I also just don't think that it’s true at all. I personally think Manchester is an amazing place to forge creative careers in really innovative and dynamic ways that are also deeply fulfilling. I think you get all the benefits of a large urban city culture, which is that it’s exciting and there is a lot of diversity and an eclectic range of events happening. Manchester is consistently able to offer great shows in superb music venues, theatre venues and artistic safe spaces.

There's a hub of creative activity being pumped into the city from institutions like ourselves, but also BIMM, Access Creative College, Spirit Studios, dBs, and the other universities. Outside of education, we've got the BBC, SJM concerts, Reform Radio, Brighter Sound, and so many different avenues for musicians and other creatives to aim towards, no matter what they specialise in. Not to mention that economically it is a far more viable region of the UK to reside in!

Creatives can really thrive in this city.

Are there any alumni success stories that come to mind?

I've had the privilege in my job of seeing success on a multitude of levels; there's a whole spectrum. When I’m asked about success stories, I love it, because I get the opportunity to talk about so many different students and the variety of trajectories.

Just last year, a student did an internship at SJM concerts, and they absolutely loved her – so much so that they offered her a job at the end. That's a well-respected company and a massive thing to do straight after graduation. While she didn't have specific training in marketing and PR, she smashed it as a copywriter and blog writer, which are skills she developed on our Digital Journalism module, and then further through this opportunity.

Artistically, we have artists such as Porij and Lucy Deakin that have an excellent profile in the industry as alumni. There are a number of producers, including Toby Ollis-Brownstone, Rhys Jiang and Karl Zeigler, who have all produced for a number of different artists over the last few years. As well, there’s Rebecca LeMontais who has earned acclaim as a songwriter and producer; bassist Chris Rabbitts, who's currently touring with Misha Miller; James Bradshaw, who toured as a backing singer with Dermot Kennedy; Pippa Crossland who is an artist as well as backing vocalist for James, along with Adee Lifshitz and Elly Grice; Liv Thompson, who currently plays bass for Raye; Sam Harding, who plays for Arlo Parks… the list goes on.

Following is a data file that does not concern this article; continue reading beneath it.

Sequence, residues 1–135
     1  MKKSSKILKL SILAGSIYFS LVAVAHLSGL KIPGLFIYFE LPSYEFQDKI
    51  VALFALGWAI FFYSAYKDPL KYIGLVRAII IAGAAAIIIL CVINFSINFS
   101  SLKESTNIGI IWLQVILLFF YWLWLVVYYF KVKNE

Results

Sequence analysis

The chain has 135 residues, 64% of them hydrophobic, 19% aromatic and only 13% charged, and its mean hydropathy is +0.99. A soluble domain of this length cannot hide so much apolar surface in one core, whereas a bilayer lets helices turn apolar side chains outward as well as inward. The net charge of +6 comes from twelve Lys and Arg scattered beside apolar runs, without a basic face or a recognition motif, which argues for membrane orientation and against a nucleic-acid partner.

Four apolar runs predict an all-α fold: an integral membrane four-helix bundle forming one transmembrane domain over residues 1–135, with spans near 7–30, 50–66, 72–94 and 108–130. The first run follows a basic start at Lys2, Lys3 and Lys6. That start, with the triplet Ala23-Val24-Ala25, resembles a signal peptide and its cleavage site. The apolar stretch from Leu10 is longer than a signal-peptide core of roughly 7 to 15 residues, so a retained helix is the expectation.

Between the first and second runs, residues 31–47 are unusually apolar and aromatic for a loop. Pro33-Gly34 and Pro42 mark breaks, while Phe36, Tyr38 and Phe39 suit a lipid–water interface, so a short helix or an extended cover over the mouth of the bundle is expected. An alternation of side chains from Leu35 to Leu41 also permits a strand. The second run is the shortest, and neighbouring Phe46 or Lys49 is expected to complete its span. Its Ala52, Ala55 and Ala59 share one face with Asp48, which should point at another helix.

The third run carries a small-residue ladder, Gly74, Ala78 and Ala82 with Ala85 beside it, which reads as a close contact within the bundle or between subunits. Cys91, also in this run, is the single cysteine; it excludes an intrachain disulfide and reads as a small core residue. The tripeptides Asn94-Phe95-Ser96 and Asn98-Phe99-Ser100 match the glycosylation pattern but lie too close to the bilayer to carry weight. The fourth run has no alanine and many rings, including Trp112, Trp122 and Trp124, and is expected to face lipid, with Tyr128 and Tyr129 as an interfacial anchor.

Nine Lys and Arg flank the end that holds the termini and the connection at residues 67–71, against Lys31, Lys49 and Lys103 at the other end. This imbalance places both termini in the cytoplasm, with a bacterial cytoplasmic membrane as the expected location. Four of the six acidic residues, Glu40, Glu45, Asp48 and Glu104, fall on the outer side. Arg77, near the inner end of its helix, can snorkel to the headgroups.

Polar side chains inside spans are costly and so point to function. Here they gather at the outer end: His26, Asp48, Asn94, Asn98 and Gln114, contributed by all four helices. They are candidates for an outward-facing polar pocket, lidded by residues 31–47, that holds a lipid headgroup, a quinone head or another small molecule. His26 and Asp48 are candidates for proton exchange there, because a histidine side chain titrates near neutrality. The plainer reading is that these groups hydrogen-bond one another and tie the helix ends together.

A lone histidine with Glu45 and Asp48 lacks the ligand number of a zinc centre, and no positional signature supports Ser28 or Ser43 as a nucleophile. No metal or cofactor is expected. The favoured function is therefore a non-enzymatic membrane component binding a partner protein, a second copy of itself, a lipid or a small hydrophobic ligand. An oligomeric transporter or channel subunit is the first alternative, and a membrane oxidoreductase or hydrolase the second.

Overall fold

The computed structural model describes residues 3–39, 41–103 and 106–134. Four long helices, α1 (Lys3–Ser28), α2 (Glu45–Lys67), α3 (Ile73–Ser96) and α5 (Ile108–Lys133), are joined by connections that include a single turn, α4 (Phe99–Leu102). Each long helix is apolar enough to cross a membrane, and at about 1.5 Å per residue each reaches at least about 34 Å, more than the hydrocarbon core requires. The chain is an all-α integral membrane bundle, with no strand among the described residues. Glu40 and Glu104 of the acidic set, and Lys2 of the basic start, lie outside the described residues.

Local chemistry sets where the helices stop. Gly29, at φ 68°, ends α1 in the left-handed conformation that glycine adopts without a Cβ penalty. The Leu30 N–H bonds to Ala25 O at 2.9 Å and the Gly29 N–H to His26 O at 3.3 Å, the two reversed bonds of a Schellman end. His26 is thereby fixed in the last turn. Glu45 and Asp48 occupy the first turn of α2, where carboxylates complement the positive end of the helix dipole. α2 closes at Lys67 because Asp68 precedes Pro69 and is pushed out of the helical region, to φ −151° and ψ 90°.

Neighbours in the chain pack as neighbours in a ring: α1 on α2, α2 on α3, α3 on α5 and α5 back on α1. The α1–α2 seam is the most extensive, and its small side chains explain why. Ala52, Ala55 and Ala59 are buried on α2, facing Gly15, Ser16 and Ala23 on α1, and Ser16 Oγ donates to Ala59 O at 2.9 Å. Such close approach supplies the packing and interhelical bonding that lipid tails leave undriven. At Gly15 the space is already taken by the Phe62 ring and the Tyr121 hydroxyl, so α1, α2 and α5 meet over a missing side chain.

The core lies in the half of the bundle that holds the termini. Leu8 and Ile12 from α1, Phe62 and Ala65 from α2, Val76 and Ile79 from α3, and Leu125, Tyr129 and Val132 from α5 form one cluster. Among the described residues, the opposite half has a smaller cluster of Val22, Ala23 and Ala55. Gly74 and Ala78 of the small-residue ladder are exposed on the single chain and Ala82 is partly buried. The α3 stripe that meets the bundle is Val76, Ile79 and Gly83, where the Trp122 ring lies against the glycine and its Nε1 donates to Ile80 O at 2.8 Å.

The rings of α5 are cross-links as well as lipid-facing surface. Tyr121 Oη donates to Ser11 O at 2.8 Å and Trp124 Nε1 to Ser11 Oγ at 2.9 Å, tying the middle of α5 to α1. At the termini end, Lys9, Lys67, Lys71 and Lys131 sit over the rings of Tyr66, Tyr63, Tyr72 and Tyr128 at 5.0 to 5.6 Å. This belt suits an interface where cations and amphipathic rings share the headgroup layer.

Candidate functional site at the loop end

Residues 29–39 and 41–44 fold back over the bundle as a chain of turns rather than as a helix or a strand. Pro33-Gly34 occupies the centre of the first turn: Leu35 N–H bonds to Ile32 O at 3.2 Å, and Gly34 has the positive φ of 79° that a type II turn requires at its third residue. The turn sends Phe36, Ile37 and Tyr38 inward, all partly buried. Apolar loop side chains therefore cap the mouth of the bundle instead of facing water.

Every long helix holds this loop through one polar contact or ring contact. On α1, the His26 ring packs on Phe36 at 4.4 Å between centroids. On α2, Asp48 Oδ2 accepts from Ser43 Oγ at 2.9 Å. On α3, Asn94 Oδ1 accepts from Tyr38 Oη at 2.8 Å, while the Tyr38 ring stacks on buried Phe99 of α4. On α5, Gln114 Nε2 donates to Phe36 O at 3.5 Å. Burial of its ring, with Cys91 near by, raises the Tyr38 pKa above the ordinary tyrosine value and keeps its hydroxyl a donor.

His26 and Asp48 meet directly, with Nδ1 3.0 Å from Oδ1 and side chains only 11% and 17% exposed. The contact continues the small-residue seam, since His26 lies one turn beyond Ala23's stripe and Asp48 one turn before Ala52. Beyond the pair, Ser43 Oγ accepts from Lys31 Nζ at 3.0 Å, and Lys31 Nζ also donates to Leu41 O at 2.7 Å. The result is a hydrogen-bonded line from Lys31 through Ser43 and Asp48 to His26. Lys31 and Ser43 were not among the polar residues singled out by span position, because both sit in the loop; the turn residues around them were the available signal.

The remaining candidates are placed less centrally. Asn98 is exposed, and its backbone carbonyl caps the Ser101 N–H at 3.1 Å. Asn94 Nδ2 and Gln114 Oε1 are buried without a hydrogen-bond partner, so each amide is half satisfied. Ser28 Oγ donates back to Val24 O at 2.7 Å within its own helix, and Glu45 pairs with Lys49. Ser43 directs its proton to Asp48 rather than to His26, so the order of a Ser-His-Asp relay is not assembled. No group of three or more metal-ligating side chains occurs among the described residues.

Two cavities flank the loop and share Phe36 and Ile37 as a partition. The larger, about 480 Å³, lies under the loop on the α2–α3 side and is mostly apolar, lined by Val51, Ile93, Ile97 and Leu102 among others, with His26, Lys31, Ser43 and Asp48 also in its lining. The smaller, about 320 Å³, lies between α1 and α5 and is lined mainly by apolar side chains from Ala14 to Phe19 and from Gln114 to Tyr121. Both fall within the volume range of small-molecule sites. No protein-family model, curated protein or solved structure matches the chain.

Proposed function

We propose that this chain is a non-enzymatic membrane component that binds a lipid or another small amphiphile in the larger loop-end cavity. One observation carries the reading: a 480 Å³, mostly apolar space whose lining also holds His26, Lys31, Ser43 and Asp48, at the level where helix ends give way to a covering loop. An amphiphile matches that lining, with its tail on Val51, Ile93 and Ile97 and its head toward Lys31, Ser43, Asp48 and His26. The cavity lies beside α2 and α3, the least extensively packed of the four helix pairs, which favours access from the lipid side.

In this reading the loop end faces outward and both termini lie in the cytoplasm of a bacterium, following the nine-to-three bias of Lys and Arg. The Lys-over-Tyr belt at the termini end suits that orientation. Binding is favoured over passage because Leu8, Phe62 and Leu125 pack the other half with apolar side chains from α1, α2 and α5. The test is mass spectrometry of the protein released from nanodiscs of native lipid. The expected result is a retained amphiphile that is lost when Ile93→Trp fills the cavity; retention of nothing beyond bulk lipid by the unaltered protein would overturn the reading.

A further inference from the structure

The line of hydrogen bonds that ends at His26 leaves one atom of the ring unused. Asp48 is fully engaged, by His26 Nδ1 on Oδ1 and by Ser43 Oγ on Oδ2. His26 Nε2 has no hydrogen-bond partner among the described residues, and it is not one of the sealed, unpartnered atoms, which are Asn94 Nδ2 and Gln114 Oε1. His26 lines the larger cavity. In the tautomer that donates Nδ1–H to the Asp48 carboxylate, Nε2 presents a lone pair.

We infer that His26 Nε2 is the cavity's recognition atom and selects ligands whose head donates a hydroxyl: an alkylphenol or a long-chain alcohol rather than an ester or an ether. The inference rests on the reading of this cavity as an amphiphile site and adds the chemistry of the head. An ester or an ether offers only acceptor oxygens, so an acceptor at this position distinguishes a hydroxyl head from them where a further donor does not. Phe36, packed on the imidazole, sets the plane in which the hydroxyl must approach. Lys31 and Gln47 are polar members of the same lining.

Name dropping aside, a lot of alumni work as session vocalists and musicians all around the city, consistently working with different bands and holding residencies across Manchester. If you go into any bar in NQ or Ancoats on a weekend, I guarantee it has a RNCM student or alumni playing in it.

For me, how we mentor students to constitute ‘success’ is crucial, as that will look different for each individual, and over time. There are students who set up their own businesses, whether it be in teaching, function bands, or maybe setting up their own studios. Everyone I see post-RNCM, that I hear of or follow online, is working in some sort of creative sphere. And in today's climate alone that's a huge measure of success.

Finally, I think the biggest success is students knowing themselves enough to know what's right for them. I continue to feel so proud and privileged to have worked with them.

Who are some of your current students we should keep an eye out for?

Well, there's a lot, and it isn't an exhaustive list! There is so much talent that comes out of that building and I could be here all day.

I think Nyah Grace is a phenomenal songwriter and a really special performer. She recently performed at Band on the Wall and was amazing. Emile Almira is really exciting as well – he did some live recordings recently with Feel Weird Studios – which is owned and managed by one of our alumni, Sam Capper. I think Emile has really found himself this year and is going to go from strength to strength.

Other ones to watch would be Hetta Falzon, who again is doing exciting things, including playing at Glastonbury this year.  I can't leave out a brand-new artist coming through called Strange Woman, who is one of the college's first heavy rock acts with a powerful identity that is breaking barriers. I'm really excited with what they'll do with their time at RNCM, and beyond.

To keep up with what RNCM Popular Music students and alumni are up to, you can follow @rncmlive and @rncm_artists_live on Instagram.

Unmissable Music in Manchester

From Parklife to Warehouse Project and Pride to ground-breaking performances in offbeat venues including the White Hotel and Hidden, Manchester is the home of Unmissable Music.